James Rosenquist, a major American painter associated with pop art, was not represented by a painting in the Gallery’s collection prior to the acquisition of White Bread. This work is a significant addition, joining important paintings from the same period by Roy Lichtenstein and Andy Warhol as well as numerous prints and several drawings by Rosenquist from all periods of his career.
After studying art with Cameron Booth at the University of Minnesota, Rosenquist moved to New York City in 1955 on a scholarship to the Art Students League. His breakthrough came in 1960, when he got married, quit his sign-painting job, and found a loft in Coenties Slip in Lower Manhattan, joining a group of young mavericks that included Ellsworth Kelly, Robert Indiana, Agnes Martin, and Jack Youngerman. Here Rosenquist gave up his abstract-expressionist efforts and let his commercial experience invade his art. The results were a series of monumental paintings based on jagged collages of images drawn from magazines on his studio floor and views out his window.
White Bread, 1964, is one of Rosenquist’s best-known works from this period, but it is not typical. The scale is relatively modest and the composition is not interrupted by the sharp divisions and overlaid images that usually emerged from his collage process. Instead, the divisions and overlaps are elegantly found in the subject itself—four slices of store-bought white bread, the top one being buttered with the world’s yellowest spread, probably margarine, courtesy of an ordinary stainless-steel knife.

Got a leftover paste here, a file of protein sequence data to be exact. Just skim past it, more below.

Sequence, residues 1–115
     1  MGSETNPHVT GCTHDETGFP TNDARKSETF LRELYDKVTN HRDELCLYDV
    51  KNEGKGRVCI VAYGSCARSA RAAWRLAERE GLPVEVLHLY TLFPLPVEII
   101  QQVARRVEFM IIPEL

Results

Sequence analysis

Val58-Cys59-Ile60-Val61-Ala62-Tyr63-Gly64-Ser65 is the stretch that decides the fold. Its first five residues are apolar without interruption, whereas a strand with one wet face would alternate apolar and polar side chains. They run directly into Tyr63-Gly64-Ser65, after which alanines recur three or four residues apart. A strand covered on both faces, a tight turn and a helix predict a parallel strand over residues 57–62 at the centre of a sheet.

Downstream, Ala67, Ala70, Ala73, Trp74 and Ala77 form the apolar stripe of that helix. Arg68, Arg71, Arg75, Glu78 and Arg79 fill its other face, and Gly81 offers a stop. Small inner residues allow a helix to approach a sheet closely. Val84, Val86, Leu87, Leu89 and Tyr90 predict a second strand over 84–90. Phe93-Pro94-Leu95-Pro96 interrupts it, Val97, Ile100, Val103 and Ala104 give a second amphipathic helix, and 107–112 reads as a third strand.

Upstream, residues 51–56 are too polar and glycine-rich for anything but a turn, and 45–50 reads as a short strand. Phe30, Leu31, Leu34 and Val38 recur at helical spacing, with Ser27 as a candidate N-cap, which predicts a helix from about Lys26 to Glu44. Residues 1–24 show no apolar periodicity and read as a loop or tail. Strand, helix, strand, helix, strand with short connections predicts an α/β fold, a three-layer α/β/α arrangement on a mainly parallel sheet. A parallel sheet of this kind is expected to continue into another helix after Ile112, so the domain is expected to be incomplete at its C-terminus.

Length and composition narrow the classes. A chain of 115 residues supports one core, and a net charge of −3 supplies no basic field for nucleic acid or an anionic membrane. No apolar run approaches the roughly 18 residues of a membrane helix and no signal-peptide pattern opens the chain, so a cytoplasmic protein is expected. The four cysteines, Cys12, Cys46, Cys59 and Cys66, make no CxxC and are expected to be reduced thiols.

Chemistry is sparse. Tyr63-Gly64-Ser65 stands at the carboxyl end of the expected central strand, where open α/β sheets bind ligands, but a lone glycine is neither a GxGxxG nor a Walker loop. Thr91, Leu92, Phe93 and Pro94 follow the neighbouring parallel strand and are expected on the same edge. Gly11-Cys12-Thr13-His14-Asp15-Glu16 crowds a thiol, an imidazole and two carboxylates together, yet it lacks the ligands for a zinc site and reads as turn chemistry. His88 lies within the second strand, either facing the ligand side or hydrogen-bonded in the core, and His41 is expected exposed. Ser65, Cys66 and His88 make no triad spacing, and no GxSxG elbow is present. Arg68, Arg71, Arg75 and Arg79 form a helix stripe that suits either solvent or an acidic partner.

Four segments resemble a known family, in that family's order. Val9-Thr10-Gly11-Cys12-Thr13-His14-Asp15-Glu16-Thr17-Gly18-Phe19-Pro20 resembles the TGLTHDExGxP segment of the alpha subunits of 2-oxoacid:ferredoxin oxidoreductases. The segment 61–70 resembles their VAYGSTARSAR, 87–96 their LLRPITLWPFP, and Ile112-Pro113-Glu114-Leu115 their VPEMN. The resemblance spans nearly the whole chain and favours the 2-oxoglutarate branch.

Rosenquist never fit comfortably into the pop category, as this painting demonstrates. On the one hand, he generally eschewed brand names and logos, preferring to use more generalized commercial images. On the other hand, he dared to approach commercial illustration techniques even more closely than did his cohorts: witness his efficient but careful rendering of the grooves in the knife and the gloss on the spread. At the same time, for all of its loving detail, this work can be considered largely as an abstraction. The canvas is divided into simple shapes and the use of the same yellow for both the spread and the background flattens the space, calling attention to the patterns formed by the bread crusts. The compositions of Ellsworth Kelly are not far away (and, indeed, the artist suggested that Kelly’s initials can be found in the crusts).This painting is about culture and consumption and American consumerism, but it is also (even more than most still lifes) a painting about painting—about the application of color to a support and its stunning visual results.